Avon Quarterly Profit Drops 70% Amid Lower Europe Demand
Avon Products Inc. (AVP), the door-to-door cosmetics seller that rebuffed a takeover offer from Coty Inc. (COTY) this year, reported a 70 percent decline in second-quarter profit amid a sales slump in Europe and China.
Net income fell to $61.6 million, or 14 cents a share, from $206.2 million, or 47 cents, a year earlier, the New York-based company said today in a statement. The shares dropped 1.2 percent to $15.30 at the close in New York and have declined 12 percent this year.
Today’s stock drop pushes Avon’s market capitalization to about $6.61 billion, compared with Coty’s $10.7 billion offer in May. Avon has posted three straight years of declining profit and Chief Executive Officer Sherilyn McCoy, who took over in April, said on a conference call today that she will cut costs, re-evaluate the company’s markets and work to boost incentives for top sales representatives.
“Avon’s second-quarter financial results are not good and they reflect the complex challenges that Avon faces,” McCoy said in the statement.
Revenue fell 9.3 percent to $2.59 billion. Analysts projected $2.68 billion, the average of 11 estimates compiled by Bloomberg. Sales declined 14 percent in Europe, Middle East and Africa and a dropped 21 percent in China.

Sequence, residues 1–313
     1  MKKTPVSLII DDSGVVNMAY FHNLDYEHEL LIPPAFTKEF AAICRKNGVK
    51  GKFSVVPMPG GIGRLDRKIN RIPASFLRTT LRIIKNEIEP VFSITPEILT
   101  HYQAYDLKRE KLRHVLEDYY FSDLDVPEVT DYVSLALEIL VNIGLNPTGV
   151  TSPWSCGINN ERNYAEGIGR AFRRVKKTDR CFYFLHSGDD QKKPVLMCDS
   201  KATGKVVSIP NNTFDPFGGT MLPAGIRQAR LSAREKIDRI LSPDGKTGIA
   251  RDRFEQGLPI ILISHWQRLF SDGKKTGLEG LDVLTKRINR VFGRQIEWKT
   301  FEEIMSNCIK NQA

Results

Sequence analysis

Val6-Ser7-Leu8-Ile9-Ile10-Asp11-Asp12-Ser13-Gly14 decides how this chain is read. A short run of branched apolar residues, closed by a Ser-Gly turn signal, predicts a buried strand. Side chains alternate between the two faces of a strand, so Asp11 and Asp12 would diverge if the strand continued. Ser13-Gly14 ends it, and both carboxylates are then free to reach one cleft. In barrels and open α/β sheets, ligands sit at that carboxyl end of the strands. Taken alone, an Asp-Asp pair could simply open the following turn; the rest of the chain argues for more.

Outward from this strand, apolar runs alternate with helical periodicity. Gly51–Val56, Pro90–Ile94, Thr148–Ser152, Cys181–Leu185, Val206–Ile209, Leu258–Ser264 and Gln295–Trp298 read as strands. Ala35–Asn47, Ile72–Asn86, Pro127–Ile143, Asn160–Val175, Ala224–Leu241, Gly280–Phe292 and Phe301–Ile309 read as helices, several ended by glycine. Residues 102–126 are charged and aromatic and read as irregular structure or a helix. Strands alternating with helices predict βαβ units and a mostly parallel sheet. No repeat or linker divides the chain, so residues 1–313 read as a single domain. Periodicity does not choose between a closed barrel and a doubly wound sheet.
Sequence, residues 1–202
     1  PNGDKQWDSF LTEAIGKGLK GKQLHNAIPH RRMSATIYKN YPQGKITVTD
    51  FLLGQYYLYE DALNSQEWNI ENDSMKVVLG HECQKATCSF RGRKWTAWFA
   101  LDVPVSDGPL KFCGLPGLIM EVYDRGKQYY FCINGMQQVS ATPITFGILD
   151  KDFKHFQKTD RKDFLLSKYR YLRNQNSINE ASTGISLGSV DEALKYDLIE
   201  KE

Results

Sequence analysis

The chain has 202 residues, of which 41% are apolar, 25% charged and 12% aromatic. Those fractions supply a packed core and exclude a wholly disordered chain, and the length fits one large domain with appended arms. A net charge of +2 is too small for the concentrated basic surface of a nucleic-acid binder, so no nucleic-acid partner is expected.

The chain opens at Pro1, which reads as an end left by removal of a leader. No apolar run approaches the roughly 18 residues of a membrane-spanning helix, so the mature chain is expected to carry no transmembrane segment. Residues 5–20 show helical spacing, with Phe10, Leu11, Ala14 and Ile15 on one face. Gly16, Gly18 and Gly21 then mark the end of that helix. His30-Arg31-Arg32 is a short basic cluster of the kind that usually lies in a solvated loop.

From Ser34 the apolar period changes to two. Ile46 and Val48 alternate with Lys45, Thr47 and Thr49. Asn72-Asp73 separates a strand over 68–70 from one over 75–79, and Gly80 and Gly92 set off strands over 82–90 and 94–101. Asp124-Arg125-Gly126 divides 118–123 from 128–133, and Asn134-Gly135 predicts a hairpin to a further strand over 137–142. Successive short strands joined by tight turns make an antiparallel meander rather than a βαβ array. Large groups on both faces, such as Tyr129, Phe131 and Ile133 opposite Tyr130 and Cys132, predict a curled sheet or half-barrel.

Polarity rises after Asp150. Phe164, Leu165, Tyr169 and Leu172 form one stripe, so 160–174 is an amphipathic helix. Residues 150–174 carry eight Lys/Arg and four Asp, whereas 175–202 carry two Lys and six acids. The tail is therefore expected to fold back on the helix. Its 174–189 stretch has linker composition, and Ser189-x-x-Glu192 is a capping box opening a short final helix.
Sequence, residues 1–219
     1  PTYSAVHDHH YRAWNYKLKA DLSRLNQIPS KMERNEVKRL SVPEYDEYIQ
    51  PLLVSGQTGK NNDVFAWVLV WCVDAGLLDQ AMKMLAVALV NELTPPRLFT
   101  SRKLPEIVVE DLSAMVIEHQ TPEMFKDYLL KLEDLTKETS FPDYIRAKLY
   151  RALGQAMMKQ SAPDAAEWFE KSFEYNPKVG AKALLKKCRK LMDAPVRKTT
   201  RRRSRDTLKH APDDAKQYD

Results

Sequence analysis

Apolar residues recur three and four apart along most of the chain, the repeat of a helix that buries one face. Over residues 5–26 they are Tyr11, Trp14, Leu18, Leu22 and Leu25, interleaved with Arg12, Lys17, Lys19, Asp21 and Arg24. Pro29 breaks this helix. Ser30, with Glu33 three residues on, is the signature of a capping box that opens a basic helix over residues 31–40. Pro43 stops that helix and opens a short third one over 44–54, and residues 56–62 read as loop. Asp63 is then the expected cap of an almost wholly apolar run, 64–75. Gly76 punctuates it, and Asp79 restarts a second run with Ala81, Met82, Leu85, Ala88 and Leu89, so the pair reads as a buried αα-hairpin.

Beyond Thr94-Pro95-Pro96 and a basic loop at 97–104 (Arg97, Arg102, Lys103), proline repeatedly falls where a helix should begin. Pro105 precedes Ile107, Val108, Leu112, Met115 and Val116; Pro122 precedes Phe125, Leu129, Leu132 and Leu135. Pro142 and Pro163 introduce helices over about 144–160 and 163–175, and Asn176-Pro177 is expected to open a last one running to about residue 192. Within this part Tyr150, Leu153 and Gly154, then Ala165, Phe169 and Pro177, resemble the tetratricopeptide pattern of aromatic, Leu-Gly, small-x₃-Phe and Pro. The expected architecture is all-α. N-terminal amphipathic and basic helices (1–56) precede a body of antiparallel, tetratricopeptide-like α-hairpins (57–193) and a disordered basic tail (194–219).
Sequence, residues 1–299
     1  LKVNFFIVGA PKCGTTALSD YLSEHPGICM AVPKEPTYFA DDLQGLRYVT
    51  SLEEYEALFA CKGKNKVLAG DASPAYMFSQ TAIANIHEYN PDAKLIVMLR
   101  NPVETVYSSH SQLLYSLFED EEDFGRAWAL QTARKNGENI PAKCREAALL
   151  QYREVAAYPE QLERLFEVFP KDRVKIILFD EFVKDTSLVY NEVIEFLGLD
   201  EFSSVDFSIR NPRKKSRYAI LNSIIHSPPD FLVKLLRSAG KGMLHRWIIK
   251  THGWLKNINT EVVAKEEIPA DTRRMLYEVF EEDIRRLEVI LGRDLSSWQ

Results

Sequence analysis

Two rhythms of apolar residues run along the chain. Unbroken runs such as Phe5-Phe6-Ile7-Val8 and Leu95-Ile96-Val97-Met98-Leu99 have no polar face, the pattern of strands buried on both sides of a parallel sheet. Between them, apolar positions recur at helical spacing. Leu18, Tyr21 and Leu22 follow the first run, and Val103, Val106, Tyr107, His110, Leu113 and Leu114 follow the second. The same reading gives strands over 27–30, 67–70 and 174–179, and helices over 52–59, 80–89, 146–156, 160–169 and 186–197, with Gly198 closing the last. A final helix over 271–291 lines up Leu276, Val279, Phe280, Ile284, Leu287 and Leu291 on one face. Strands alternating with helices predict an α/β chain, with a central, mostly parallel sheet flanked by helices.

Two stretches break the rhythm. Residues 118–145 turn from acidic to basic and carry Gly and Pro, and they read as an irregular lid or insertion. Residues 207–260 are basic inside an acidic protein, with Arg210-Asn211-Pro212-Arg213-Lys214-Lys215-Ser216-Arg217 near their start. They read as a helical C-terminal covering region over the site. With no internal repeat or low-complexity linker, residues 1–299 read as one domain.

Excluding some items, profit in the quarter totaled 20 cents a share. Analysts projected 22 cents, the average of estimates compiled by Bloomberg.
While better than the previous quarter, “problems are numerous and we believe new management has a lot of work to do to right the ship,” Mark Astrachan, an analyst at Stifel Nicolaus & Co. in New York, wrote in a note today. Increasing competition “means the clock is ticking to improve performance, particularly in Brazil and Russia,” said Astrachan, who recommends holding the shares.
Avon also said today in a regulatory filing that it’s in talks with the U.S. Securities and Exchange Commission and Department of Justice to settle an investigation into possible bribery in its overseas operations. Last year, the company said it had fired four executives suspected of paying bribes to officials in China. Avon and the government have been investigating potential violations of the Foreign Corrupt Practices Act, which outlaws bribing foreign officials.
Gross margin narrowed to 62.8 percent from 64.4 percent a year earlier amid higher product costs and a stronger dollar that hurt the value of sales from abroad. Last year, 45 percent of sales came from Latin America and 28 percent from Europe, Middle East and Africa.
Avon saw declines in the number of active sales representatives in several countries, including Brazil, Russia, the U.S. and the U.K. The quarter included a pretax restructuring charge of $38 million, or 6 cents a share.
The cost to protect Avon’s debt from default for five years jumped to a record. Credit-default swaps on the company’s debt climbed 80.6 basis points to 533.5 basis points at 4:30 p.m. in New York, according to data provider CMA, which is owned by McGraw-Hill Cos. (MHP) and compiles prices quoted by dealers in the privately negotiated market.
Credit-default swaps, which typically fall as investor confidence improves and rise as it deteriorates, pay the buyer face value if a borrower fails to meet its obligations, less the value of the defaulted debt. A basis point equals $1,000 annually on a contract protecting $10 million of debt.
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